>"When some one eats an Epi paleo Rx template and follows the rules of circadian biology they get plenty of starches when they are available three out of the four seasons." -Jack Kruse, MD
>"I recommend 20 percent of calories from carbs, depending on the size of the person" -Ron Rosedale, MD (in other words, NOT zero carbs) http://preview.tinyurl.com/6ogtan
>Finding a diet you can tolerate is not the same as fixing what's wrong. -Tim Steele
Beware of problems from chronic Very Low Carb

Online TylerDurden

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Re: Sous vide: recognition of dangers of high-heat cooking?
« Reply #7 on: December 15, 2009, 06:06:39 pm »
Actually, Cordain has already spoken out about the dangers of heat-created toxins, directly as a result of all those anti-cooked-meat studies out there. Eades has mentioned it in passing, and is highly selective in mentioning such studies(ie only mentioning the tiny, tiny minority of studies which dismiss AGEs etc.)

What I find refreshing is that the number of anti-cooked meat studies is so huge now that even Wrangham had to very grudgingly acknowledge their existence though he laughably claimed that humans were adapted to them.
"During the last campaign I knew what was happening. You know, they mocked me for my foreign policy and they laughed at my monetary policy. No more. No more.
" Ron Paul.

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Re: Sous vide: recognition of dangers of high-heat cooking?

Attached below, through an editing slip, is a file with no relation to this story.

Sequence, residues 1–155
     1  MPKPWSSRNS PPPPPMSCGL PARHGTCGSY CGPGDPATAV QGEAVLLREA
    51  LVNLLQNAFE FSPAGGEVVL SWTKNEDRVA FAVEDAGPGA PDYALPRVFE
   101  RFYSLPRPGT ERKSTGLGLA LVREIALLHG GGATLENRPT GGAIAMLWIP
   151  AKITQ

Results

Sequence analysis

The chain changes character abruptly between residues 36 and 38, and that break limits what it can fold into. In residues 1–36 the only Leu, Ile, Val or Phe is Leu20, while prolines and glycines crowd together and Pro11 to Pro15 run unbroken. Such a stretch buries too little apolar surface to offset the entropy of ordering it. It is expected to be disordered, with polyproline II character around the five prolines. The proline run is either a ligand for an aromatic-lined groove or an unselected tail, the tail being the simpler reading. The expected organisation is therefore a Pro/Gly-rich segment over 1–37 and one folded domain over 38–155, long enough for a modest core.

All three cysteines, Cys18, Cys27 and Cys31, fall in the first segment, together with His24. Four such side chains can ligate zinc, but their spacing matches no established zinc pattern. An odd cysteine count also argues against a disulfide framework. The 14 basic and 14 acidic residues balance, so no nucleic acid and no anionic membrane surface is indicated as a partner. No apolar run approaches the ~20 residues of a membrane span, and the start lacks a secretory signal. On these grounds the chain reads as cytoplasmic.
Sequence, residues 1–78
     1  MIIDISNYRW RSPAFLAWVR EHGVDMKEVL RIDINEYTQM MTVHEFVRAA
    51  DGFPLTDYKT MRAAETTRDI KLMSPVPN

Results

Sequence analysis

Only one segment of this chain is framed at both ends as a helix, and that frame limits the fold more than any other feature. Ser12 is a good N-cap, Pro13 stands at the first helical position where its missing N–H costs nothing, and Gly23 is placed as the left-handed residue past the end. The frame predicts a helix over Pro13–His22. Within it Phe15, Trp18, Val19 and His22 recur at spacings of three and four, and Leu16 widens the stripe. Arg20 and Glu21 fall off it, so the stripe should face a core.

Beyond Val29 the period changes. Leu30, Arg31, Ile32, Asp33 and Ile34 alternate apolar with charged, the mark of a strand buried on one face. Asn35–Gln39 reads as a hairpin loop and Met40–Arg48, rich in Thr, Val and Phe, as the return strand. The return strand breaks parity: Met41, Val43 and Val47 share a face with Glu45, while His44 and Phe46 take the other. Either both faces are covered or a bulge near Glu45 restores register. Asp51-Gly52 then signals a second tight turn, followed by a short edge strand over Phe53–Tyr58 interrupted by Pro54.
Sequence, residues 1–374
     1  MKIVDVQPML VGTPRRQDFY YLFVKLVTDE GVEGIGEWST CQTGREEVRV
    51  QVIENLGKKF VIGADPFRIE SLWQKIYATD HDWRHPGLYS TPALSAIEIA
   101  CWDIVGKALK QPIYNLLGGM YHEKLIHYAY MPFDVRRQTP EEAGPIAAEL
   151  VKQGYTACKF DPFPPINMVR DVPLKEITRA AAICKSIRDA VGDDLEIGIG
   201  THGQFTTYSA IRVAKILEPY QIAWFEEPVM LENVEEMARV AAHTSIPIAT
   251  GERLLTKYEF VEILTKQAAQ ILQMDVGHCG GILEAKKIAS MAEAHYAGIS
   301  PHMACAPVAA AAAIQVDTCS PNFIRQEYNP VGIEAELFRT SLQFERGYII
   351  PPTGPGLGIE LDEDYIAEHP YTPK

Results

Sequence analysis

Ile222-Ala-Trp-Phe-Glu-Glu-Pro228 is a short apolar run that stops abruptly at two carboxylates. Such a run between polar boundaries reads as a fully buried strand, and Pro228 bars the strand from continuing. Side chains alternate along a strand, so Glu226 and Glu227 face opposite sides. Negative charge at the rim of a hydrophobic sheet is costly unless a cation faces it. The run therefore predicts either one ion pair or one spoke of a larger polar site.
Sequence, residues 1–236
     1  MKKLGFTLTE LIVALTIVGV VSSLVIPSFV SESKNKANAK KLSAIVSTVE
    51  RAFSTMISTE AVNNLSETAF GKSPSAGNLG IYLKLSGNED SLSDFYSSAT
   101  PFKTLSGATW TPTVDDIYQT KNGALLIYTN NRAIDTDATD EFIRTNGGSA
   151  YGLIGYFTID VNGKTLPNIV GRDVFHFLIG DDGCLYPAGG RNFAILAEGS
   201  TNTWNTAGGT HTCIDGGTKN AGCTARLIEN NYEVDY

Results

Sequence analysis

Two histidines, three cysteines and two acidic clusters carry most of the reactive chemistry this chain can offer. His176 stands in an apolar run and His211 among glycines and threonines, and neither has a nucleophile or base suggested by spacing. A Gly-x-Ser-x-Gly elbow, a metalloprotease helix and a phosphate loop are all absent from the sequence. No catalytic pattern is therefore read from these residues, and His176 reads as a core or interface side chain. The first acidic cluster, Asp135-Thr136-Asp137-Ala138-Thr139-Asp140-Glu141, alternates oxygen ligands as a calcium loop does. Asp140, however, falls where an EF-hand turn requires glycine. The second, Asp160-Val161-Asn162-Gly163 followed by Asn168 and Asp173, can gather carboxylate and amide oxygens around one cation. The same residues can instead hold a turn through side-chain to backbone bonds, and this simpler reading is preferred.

« Reply #8 on: December 15, 2009, 06:23:35 pm »
Where did Seignalet get that arbitrary figure of 110C for the creation of Maillard molecules? I suspect the figure is much lower, given that enzymes(which are proteins) already start being affected c.40C and destroyed at 47C and upwards.
« Last Edit: December 15, 2009, 06:29:23 pm by TylerDurden »
"During the last campaign I knew what was happening. You know, they mocked me for my foreign policy and they laughed at my monetary policy. No more. No more.
" Ron Paul.

alphagruis

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Re: Sous vide: recognition of dangers of high-heat cooking?
« Reply #9 on: December 15, 2009, 09:25:27 pm »
Where did Seignalet get that arbitrary figure of 110C for the creation of Maillard molecules? I suspect the figure is much lower, given that enzymes(which are proteins) already start being affected c.40C and destroyed at 47C and upwards.

Let's recall a little bit physics or chemistry.

Denaturation of proteins or enzymes takes places at fairly low temperatures indeed, for instance 50 °C (but also sometimes obviously at much higher temperatures in bacteria capable to live in deep see boiling water niches !). Denaturation of proteins means a change in configuration and structure in 3-dimensional space of a macromolecule, i.e. a big molecule made here of a long string of typically hundreds of aminoacids. This prevents the protein as an enzyme to remain active in the organism's biochemistry but does not render it toxic by itself if one eats it. In this respect it is important to become aware of the fact that all proteins are denaturated in the acid stomacal environment upon digestion and/or hydrolysis. Toxicity is brought about only when the aminoacids themselves are damaged or reacted with other molecules by heat and this needs usually markedly higher temperatures than 50°C. Notice that otherwise a simple fever would wreak havoc in the organism's biochemistry.